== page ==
Corollary. This term is seldom used but in mathematics. Its Greek
equivalent is πὁρισμα. The origin of the Latin term, which means a
little garland, in this sense is not very apparent. Anyhow the meaning
is familiar to everyone acquainted with Euclid—so familiar that one
cannot but wonder at Johnson's strange definition, "Corollary — A
conclusion, whether following necessarily from the premisses or not."
It really means a proposition necessarily resulting from a previous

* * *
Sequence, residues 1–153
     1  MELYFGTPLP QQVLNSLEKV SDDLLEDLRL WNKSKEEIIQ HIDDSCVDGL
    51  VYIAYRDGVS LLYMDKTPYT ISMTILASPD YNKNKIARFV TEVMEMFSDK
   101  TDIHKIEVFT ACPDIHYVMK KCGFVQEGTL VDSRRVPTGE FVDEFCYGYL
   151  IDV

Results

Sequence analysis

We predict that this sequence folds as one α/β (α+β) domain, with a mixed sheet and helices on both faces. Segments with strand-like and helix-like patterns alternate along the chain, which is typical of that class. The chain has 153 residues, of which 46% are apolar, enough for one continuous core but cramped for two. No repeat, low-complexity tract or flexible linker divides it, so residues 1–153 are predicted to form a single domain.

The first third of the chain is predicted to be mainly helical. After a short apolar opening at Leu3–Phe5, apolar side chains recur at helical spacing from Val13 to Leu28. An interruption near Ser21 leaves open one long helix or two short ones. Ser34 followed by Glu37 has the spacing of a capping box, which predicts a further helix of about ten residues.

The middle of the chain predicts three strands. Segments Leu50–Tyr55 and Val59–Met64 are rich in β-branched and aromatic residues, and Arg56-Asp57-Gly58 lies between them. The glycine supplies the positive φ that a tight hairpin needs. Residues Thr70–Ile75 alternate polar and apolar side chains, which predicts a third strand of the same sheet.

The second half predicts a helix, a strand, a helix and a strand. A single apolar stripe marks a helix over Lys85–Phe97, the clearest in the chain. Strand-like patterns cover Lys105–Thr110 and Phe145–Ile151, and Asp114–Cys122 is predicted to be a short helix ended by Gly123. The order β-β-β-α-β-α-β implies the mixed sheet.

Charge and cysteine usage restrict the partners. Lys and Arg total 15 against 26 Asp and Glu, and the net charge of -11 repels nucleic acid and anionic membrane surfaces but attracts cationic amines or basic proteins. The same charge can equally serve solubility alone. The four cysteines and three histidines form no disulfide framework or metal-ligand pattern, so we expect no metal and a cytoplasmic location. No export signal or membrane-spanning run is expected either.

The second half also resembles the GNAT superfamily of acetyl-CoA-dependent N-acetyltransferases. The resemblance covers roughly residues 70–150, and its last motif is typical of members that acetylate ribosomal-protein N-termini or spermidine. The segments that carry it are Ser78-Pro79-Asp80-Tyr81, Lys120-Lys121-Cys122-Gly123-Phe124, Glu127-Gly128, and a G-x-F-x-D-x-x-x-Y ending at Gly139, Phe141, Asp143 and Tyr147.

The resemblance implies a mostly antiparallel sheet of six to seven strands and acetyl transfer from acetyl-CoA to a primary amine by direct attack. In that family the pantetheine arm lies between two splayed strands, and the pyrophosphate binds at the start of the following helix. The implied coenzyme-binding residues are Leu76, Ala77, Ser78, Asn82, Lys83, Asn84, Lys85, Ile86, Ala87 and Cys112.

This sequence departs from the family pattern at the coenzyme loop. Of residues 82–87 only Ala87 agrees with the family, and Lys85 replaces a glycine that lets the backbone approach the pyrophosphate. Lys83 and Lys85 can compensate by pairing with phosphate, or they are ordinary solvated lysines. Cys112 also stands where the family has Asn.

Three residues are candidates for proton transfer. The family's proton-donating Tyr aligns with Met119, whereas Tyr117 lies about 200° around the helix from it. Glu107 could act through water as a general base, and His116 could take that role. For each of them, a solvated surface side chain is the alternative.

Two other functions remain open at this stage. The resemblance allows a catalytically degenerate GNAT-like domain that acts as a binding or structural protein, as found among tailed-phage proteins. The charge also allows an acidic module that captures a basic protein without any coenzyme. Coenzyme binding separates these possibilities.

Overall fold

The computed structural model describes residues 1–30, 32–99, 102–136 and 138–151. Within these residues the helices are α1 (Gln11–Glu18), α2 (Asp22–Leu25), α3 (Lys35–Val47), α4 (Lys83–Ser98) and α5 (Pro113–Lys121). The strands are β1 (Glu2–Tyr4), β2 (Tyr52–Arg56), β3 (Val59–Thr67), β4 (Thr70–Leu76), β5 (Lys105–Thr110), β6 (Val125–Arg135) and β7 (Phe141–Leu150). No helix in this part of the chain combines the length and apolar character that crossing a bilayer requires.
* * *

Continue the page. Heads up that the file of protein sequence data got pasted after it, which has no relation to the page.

demonstration, distinct from the conclusion of that, but yet to which
that is applicable, and no intermediate step requisite. Thus that every
equilateral triangle must be equiangular, is a corollary from the
conclusion of Prop. v. b. I. of Euclid. That is, that the angles at the
base of an isosceles triangle are equal, and any two angles of an
equilateral are angles at the base of an isosceles triangle.
The word corollary seems to have been formerly used in unscientific
language in the mere senses of redundancy or supplement.
Thus Shakespeare in the 'Tempest':
" Now come, my Ariel, bring a corollary
Rather than want a spirit."
And Dryden in the conclusion of the Preface to
his Fables, "as a corollary to this preface, in which I have done
justice to others, I owe somewhat to myself."